The saddest part is that all of this was supposed to have been reformed well before now. I guess it is reflected by this from bitcoin price.

The average price of Bitcoin across all exchanges is 910.16 USD

 

 

 

 

If the Italian economy is to recover then genuine banking reform is needed

A theme of this website is the way that the Italian economy and its banks are trapped in what is at best stalemate and as often as not weakens each other. This has over time led to a situation where we see that the Italian economy has stagnated in the Euro area and in fact has shrunk if we look at GDP (Gross Domestic Product) per capita. In other words the individual experience in terms of the ordinary person has been of an economic depression. Chilling when it is put like that isn’t it? Project Syndicate take us from the aggregate position to the individual one.

Italian real (inflation-adjusted) GDP growth has suffered, averaging just 0.3% per year from 1999 to 2015.

But in spite of Italians leaving the population has grown over the same period meaning that per person output has fallen.

as many as 1.5 million young Italians have left the country, with 90,000 departing in 2014 alone. Meanwhile, five million foreign immigrants have arrived, constituting 8.3% of all residents (and not including undocumented immigrants).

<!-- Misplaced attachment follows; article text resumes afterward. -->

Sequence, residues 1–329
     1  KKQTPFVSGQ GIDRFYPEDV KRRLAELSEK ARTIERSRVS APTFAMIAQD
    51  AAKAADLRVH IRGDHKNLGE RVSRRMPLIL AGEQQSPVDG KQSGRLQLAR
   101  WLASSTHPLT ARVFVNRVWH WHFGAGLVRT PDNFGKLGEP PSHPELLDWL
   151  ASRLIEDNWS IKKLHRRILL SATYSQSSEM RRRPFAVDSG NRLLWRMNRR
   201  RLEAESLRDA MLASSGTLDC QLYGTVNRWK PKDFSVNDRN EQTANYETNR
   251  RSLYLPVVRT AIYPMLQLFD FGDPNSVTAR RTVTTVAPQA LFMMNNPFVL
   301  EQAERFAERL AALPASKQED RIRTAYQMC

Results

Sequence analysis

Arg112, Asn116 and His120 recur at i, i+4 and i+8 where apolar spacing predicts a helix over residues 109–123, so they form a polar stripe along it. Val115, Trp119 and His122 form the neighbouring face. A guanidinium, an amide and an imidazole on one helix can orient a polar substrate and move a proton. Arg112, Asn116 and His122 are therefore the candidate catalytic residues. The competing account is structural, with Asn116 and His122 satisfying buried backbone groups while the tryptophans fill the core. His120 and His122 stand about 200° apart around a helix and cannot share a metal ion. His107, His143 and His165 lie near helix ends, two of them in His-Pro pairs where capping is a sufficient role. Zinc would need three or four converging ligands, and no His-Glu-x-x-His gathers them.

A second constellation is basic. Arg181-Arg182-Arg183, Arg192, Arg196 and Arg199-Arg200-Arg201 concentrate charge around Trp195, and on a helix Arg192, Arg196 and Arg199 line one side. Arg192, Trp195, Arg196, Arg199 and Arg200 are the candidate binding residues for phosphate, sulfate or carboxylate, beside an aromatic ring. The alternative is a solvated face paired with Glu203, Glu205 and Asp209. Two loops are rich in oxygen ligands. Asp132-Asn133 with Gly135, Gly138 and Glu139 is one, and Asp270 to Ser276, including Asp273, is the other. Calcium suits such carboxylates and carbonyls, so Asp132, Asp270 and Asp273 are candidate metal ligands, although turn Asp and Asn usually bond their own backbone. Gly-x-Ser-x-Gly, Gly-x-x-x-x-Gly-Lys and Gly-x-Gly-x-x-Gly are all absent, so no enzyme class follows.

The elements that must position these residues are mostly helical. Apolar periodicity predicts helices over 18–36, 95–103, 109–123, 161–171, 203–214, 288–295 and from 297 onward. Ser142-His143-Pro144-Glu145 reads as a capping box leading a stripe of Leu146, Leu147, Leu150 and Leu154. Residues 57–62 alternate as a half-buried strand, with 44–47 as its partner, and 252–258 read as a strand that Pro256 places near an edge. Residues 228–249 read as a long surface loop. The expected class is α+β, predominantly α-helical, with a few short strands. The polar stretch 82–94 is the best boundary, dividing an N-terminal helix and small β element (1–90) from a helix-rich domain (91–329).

Those who proclaim that immigration is an economic success get plenty of food for thought from the experience of Italy.

There has been a period where some on Twitter have been proclaiming that Italy has been on the cusp of an economic renaissance but this has turned into this as @Livesquawk reported at the end of last month.

Italy PM Renzi says cabinet approve economic forecasts; 2016 GDP forecasts cut to 0.8% (prev. 1.2%), 2017 GDP forecast 1.0% (prev. 1.4%)

As you can see it has turned into a case of “meet the new boss, same as the old boss”. Or as Project Syndicate puts it.

Two years later, far less change than expected has materialized, and Renzi has come to resemble a guarantor of political stability more than a rottamatore – a “scraper of the old,” as he had been nicknamed.

That makes him resemble Shinzo Abe in Japan.

Foreign banks are cutting back

A theme that does not always get the airing it should is that many banks are cutting back on business overseas. The last 24 hours have seen that at play in the banking sector of Italy.

Barclays has today agreed to sell a portfolio of salary secured loans, worth around £260m, in Italy to IBL Banca………Although the bank continues to run investment and corporate banking in Italy, it shed its retail banking network in August.